Military's nude-photo scandal extends beyond Marine Corps, according to new report
The nude-photo scandal rocking the U.S. Marine Corps is far bigger than first believed, according to a new report out Thursday.
Active-duty and veteran Marines have already been implicated in the widespread posting of photos of female colleagues and other women, along with suggestive, or even violent, comments about them.
But "the practice of sharing such photos goes beyond the Marine Corps and one Facebook group," Business Insider reported Thursday.
"Hundreds of nude photos of female service members from every military branch have been posted to an image-sharing message board that dates back to at least May."
The Business Insider piece comes days after an exposé on the photo-sharing by The War Horse. That investigation said hundreds, if not thousands, of photos had been shared via a Marines United Facebook group and Google Drive.
Marine Corps Times reported Sunday that the Corps had launched an investigation into a scandal "mostly comprising active-duty U.S. Marines, Marine Corps veterans and British Royal Marines."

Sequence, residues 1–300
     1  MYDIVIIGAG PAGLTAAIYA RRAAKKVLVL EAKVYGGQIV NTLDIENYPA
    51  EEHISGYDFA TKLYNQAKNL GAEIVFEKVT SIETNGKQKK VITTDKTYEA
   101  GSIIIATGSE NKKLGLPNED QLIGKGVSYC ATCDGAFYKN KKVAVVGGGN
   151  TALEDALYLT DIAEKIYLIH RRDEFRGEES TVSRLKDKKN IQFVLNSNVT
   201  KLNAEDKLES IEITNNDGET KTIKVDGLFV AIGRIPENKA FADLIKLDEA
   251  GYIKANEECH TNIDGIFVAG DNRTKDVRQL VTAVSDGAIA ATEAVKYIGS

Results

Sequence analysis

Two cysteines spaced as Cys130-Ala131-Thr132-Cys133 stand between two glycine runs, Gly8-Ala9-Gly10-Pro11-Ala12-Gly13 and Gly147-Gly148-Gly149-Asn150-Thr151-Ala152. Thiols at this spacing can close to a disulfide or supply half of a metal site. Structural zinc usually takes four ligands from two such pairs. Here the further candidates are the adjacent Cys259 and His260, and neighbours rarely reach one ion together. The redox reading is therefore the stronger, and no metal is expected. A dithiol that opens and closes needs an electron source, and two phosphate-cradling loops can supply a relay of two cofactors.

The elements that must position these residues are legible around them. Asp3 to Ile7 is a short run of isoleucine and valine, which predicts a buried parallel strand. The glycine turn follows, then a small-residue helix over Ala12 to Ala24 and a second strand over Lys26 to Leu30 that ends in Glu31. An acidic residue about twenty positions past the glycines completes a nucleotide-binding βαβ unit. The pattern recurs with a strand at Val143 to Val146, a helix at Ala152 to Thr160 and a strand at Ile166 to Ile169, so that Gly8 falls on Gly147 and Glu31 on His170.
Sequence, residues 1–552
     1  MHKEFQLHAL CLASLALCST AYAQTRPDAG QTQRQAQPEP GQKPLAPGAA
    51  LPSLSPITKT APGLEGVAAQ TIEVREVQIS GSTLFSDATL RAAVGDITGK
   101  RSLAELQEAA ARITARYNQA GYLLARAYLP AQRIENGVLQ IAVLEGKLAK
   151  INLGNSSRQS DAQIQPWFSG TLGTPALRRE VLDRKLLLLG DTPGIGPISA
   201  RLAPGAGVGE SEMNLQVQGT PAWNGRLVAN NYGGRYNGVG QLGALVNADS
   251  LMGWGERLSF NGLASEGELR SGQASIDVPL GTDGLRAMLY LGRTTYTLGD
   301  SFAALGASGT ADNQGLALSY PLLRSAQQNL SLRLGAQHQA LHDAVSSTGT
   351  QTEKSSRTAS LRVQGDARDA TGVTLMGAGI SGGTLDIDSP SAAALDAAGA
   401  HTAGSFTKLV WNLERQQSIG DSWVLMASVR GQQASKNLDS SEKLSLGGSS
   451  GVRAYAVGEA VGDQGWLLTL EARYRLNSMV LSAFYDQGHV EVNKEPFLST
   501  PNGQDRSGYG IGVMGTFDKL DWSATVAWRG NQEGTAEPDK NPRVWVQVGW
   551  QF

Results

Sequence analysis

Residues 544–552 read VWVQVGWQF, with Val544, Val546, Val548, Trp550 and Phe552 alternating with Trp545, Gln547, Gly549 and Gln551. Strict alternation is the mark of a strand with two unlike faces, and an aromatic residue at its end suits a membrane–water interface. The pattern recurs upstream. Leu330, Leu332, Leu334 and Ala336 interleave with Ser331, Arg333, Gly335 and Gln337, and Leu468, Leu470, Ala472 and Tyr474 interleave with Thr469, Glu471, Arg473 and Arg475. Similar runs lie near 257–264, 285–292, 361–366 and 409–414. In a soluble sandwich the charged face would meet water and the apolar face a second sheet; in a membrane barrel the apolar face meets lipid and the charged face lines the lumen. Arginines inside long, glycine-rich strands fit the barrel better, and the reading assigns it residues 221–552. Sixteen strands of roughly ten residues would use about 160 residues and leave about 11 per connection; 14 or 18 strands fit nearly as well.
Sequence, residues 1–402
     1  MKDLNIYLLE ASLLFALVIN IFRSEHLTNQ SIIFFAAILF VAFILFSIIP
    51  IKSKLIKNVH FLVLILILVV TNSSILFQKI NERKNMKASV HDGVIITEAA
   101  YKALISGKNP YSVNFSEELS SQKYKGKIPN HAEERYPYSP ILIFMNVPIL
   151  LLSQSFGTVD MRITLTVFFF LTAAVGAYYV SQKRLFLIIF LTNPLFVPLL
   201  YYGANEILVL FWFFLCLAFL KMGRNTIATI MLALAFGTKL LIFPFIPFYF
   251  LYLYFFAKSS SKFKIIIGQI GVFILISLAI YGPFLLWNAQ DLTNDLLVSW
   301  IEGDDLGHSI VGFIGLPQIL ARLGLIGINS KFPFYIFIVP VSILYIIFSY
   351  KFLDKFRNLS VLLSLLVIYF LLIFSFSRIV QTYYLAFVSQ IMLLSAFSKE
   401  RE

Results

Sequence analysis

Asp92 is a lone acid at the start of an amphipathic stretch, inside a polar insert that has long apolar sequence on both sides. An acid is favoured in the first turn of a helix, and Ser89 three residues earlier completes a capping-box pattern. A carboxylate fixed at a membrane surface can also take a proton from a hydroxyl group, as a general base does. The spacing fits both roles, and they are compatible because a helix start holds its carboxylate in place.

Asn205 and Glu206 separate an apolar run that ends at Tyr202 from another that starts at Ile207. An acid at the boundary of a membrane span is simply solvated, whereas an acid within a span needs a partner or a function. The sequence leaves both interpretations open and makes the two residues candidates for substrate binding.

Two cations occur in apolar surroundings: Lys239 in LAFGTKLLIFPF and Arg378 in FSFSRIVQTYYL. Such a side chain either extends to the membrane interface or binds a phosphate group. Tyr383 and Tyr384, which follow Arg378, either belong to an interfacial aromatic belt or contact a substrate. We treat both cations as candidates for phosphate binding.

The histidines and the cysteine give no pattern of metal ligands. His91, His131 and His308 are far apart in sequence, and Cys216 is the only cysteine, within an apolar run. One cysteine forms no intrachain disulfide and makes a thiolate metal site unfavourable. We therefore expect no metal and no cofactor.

Women who say their photos were shared without consent also appeared with Attorney Gloria Allred at a news conference Wednesday.
Business Insider reported details about a site, AnonIB, that "has a dedicated board for military personnel that features dozens of threaded conversations among men, many of whom ask for 'wins' — naked photographs — of specific female service members."
The photos often include the names of the women pictured or where they're stationed.
Despite a sharp reprimand and condemnation of the photo-sharing by Gen. Robert Neller, commandant of the Marine Corps, CBS News reported Thursday that "Marine officials say they have received reports of at least a half dozen other sites."
Thursday night, the Corps also turned to Twitter to note that the Naval Criminal Investigative Service "provides the ability to report crimes and assistance to victims of those effected by Marines United and other unofficial pages."
The tweet included a link to an NCIS page with guidelines for reporting crimes via web, text and app.